—No doubt, Sir,—there is a whole chapter wanting here—and a chasm of ten pages made in the book by it—but the book-binder is neither a fool, or a knave, or a puppy—nor is the book a jot more imperfect (at least upon that score)—but, on the contrary, the book is more perfect and complete by wanting the chapter, than having it, as I shall demonstrate to your reverences in this manner.—I question first, by-the-bye, whether the same experiment might not be made as successfully upon sundry other chapters—but there is no end, an' please your reverences, in trying experiments upon chapters—we have had enough of it—So there's an end of that matter.
But before I begin my demonstration, let me only tell you, that the chapter which I have torn out, and which otherwise you would all have been reading just now, instead of this—was the description of my father's, my uncle Toby's, Trim's, and Obadiah's setting out and journeying to the visitation at....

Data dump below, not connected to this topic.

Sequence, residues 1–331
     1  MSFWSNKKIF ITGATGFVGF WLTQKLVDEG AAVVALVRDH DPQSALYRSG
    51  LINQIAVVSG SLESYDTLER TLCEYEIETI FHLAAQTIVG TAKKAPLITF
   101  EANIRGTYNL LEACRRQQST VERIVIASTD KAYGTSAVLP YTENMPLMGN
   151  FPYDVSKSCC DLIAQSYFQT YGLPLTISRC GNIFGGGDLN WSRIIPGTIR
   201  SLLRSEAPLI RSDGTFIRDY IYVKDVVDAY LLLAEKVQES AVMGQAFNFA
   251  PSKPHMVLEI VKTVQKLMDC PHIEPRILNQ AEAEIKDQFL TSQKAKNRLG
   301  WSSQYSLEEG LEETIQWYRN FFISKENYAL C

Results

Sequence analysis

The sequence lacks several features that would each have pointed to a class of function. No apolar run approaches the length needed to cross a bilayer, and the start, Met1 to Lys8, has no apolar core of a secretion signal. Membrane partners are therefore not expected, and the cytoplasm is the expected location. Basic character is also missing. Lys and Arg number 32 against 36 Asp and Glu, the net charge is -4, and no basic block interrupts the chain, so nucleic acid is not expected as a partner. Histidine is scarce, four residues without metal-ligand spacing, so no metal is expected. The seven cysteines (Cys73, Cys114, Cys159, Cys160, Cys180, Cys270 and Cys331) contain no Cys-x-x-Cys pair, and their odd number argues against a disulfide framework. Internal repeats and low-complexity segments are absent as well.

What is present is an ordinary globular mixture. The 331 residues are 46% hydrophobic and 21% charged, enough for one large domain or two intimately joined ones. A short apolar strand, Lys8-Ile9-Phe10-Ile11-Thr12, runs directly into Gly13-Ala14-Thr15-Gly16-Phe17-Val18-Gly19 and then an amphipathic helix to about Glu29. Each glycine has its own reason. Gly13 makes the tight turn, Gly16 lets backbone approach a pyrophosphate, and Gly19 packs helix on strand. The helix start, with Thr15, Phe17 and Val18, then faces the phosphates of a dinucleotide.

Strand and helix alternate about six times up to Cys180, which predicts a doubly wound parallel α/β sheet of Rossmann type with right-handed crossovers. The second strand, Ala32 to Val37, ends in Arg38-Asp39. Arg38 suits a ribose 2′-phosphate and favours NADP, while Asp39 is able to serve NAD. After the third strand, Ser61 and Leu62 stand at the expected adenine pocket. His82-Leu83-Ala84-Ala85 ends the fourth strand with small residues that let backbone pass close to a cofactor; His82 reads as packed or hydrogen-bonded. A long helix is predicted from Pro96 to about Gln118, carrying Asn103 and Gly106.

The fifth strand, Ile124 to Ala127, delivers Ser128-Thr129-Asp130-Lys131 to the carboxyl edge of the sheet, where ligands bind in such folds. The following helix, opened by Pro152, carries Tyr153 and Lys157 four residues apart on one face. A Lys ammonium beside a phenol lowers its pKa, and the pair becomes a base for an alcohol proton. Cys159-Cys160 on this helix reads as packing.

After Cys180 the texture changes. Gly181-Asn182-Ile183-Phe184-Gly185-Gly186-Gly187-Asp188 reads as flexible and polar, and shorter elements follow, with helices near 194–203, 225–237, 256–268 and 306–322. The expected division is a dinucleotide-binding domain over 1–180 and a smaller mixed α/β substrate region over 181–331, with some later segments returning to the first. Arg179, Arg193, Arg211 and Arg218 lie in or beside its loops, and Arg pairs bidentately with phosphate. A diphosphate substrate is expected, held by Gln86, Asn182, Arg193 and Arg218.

We'll go in the coach, said my father—Prithee, have the arms been altered, Obadiah?—It would have made my story much better to have begun with telling you, that at the time my mother's arms were added to the Shandy's, when the coach was re-painted upon my father's marriage, it had so fallen out that the coach-painter, whether by performing all his works with the left hand, like Turpilius the Roman, or Hans Holbein of Basil—or whether 'twas more from the blunder of his head than hand—or whether, lastly, it was from the sinister turn which every thing relating to our family was apt to take—it so fell out, however, to our reproach, that instead of the bend-dexter, which since Harry the Eighth's reign was honestly our due—a bend-sinister, by some of these fatalities, had been drawn quite across the field of the Shandy arms. 'Tis scarce credible that the mind of so wise a man as my father was, could be so much incommoded with so small a matter. The word coach—let it be whose it would—or coach-man, or coach-horse, or coach-hire, could never be named in the family, but he constantly complained of carrying this vile mark of illegitimacy upon the door of his own; he never once was able to step into the coach, or out of it, without turning round to take a view of the arms, and making a vow at the same time, that it was the last time he would ever set his foot in it again, till the bend-sinister was taken out—but like the affair of the hinge, it was one of the many things which the Destinies had set down in their books ever to be grumbled at (and in wiser families than ours)—but never to be mended.